Planet Labs. Opensourcing Earth Images

Everyone loves to watch pictures of the Earth from Space. In particular, many small companies and associations would like to get these pictures for cheap prices but they cannot afford to allocate a budget for obtaining them. Planet Labs will make these dreams true from 2014 launching its own fleet of low-cost but high resolution imaging satellites. As the company points out, everyone from ecologists to citizen journalists will be able to track frequent changes to any place on the planet — a frequency and coverage greater than ever seen before. Thanks to this technology, it will be easier to monitor wildlife, desertification, glaciers retreat and many other natural phenomenon.

Nowadays, there are a good number of private and governmental satellites that are screening the Earth. The most precise ones are belonging to private companies and are especially used for defence or commercial purposes. The technology they use allows them to focus on special areas but the demand means that they take a lot of time before getting the pictures and the cost will be quite high. The governmental ones are taking pictures in regular bases but still not too often (once per month) and the resolution is really low, showing images dozens or hundreds metres far from the surface. So, at the moment, the situation is stuck. The first ones wouldn’t lend their images for non-commercial (or, worst, environmental) purposes, while the second ones are not provided in regular basis. That’s exactly the situation in which that Planet Labs could find its niche.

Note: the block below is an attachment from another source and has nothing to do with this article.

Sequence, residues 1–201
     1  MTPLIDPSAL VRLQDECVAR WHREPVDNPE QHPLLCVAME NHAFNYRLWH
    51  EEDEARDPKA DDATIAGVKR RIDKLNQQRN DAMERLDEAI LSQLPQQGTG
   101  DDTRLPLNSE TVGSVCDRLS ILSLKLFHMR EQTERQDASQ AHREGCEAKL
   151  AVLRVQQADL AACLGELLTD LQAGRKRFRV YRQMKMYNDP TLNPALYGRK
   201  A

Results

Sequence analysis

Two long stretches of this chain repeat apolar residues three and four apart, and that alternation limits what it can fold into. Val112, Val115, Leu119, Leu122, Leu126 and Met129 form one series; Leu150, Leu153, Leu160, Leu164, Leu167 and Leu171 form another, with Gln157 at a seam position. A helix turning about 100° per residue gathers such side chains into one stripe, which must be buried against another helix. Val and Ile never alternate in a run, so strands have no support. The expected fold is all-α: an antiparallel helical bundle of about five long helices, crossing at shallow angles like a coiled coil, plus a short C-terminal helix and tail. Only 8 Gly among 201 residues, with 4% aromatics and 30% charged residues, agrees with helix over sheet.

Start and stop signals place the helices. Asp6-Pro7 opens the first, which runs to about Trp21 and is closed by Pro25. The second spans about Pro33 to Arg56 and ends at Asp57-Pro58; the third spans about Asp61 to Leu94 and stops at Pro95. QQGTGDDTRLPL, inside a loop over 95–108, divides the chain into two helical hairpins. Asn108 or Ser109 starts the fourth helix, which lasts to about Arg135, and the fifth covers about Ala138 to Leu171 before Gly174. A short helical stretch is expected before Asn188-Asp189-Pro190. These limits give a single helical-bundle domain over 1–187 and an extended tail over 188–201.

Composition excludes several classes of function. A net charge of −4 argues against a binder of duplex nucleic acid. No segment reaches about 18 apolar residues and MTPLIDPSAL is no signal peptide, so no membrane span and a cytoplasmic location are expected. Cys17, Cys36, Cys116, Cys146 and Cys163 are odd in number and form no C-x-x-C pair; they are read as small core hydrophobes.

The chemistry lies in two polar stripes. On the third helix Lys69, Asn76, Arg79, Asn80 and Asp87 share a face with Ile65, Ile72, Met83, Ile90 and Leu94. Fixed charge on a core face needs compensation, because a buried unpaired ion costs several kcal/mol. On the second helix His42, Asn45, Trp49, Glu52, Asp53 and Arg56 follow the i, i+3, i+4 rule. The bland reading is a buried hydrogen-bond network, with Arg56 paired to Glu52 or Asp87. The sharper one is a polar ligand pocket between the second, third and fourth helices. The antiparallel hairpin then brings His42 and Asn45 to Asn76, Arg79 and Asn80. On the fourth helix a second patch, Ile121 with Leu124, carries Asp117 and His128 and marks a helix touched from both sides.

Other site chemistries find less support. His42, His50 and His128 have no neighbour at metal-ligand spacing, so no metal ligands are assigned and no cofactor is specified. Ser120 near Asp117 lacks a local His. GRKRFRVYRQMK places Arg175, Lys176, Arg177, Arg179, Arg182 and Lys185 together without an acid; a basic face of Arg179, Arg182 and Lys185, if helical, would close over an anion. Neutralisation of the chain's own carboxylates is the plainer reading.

This Startup, founded in 2012 by 3 ex NASA scientists, has risen $13M from Venture Capitalists (DFJ, Capricorn, OATV, Founders Fund Angel, Innovation Endeavors, Data Collective and First Round Capital) in order to launch the World’s largest fleet of imaging satellites called Dove by Q1 2014.

The first two Doves (Dove 1 and Dove 2) have been launched in April and the demonstration has been effective. The data and images provided were good quality, the key technology has been validated and the resolution was as high as expected. The next images will be provided early next year, after the launch of the complete fleet.

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But Planet Labs is not the only company launching its own fleet of satellites for entering the Earth-screening market. Skybox Imaging will launch a fleet of at least 24 satellites. I believe this situation will be interesting and the competition will allow the creation of more and more precise satellites which, hopefully, will help to monitor our surface and our wildlife.

MEV. The space-cleaner droids.

When communication satellites or other orbiting spacecrafts run out of fuel, their destiny is marked. They are either de-orbited to destruct in the atmosphere, or they are positioned in a parking orbits, or, the worst fate, they are left in the outer space as dangerous space junk. The most of the times, they are still functioning.